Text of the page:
IOTA’s recent meteoric rise from 50 cents to $5.5, and its steep decline from $5.5 to $3.8 serves as an interesting case study for how the FOMO-FUD cycles are being used in cryptospace. FOMO is an abbreviation form of “Fear of missing out”, and is triggered whenever inexperienced investors see a certain crypto going bullishly off the charts (ie. its price spiking up). This causes a cascading effect where emotional investors jump onto the surging train in order to reap the profits from this particular rally. FUD, on the other hand, is Fear-Uncertainty-Doubt. This is employed to trigger a bear trend on a certain cryptocurrency, often in the forms of negative press, foul rumors, and publications of “bugs” found within said crypto’s codes. Bad news leads to devaluation of the crypto in question.
IOTA’s fall from its $5.5 ATH traced its origin back to this tweet by Kyle Samani pointing out a critical flaw of IOTA’s tangle network previously discovered by MIT students. To finish this jab-hook combo, another article from Squawker alarms readers of IOTA’s falsifying its list of partnerships. This Squawker article, named Proof: IOTA’s Partnership with Big Tech Not Real, claims that IOTA developers have falsified evidence regarding the participation of tech giants such as Microsoft and Cisco.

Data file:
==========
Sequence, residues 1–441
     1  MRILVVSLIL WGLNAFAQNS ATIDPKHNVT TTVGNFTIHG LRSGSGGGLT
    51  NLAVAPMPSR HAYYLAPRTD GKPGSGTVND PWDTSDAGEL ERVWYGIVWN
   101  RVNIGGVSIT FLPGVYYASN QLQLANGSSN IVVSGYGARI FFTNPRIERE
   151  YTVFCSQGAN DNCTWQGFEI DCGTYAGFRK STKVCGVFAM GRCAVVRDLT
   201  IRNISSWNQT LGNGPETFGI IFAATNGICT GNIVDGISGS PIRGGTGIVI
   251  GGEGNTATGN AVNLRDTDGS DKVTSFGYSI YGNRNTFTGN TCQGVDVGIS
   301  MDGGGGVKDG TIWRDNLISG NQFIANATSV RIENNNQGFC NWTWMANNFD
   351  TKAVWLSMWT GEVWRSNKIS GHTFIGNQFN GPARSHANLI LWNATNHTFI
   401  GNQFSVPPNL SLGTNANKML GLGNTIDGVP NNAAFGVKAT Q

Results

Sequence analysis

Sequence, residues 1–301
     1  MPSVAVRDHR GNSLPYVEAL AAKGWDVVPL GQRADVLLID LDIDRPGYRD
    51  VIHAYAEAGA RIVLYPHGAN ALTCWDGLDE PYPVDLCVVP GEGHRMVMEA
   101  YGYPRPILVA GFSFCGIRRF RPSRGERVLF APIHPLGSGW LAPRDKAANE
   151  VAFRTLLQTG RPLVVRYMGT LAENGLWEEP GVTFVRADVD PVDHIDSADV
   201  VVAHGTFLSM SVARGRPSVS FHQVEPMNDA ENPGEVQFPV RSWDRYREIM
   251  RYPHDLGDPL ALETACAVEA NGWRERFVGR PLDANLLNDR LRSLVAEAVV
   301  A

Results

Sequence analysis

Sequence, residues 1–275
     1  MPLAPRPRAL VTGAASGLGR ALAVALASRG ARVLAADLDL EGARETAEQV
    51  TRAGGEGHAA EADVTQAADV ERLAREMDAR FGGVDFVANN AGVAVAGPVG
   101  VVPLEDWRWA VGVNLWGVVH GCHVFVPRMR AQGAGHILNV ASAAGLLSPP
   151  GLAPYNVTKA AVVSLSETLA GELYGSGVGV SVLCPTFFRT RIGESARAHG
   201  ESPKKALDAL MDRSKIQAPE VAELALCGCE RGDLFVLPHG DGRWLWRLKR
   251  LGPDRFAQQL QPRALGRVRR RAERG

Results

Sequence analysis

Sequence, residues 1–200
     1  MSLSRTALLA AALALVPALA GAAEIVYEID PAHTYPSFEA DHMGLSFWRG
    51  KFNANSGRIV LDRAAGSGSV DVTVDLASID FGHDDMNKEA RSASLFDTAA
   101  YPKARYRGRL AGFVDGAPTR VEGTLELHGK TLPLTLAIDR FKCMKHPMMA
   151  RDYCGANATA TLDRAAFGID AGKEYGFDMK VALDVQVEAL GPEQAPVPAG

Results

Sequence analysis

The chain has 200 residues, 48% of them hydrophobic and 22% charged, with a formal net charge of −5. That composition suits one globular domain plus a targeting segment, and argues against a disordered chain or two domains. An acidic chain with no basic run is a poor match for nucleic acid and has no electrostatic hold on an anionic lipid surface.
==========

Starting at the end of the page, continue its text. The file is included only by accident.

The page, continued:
“Everyone is excited over the promise of what these partnerships may bring to IOTA and data decentralization overall. The only problem is, several of these partnerships are not real.”
This is an entirely false claim. Microsoft blockchain specialist, Omar Naik tweeted: “We (Microsoft) are excited to partner with IOTA foundation and proud to be associated with its new data marketplace initiative.”
This FUD train did not stop there. LTC-founder Charlie Lee chimed in on the issue, tweeting “The Microsoft partnership is fake?” and going so far as to claim IOTA devs paid Microsoft for its endorsement.
This cast a shadow on IOTA’s freshly launched Marketplace, where companies all over the world can trade B2B data with the use of the cryptocurrency iota itself.
What do IOTA founders have to say?
Dominik Schiener published a short article on IOTA Blog to address the issue directly. He clarifies certain misunderstanding regarding the participation of 35, soon to be 40, companies on IOTA’s Marketplace.
“It’s important to note that we do not have a formal partnership with any of these companies.”
Schiner claims that all “of the companies on the website have explicitly agreed to publicly participate in the data marketplace as participants.” No other commitment was required.
These recent FUDs have no doubt caused damage to IOTA’s name. It is important to remember that given the extreme volatility of the cryptospace, miscommunication like these can cost companies and devs greatly. IOTA is not the first, nor will it be the last crypto to fall victim to the FOMO-FUD cycle. As crypto investors, we here at Csnews would like to urge you to exercise caution and do your research properly, lest you become another victim of inferior motives.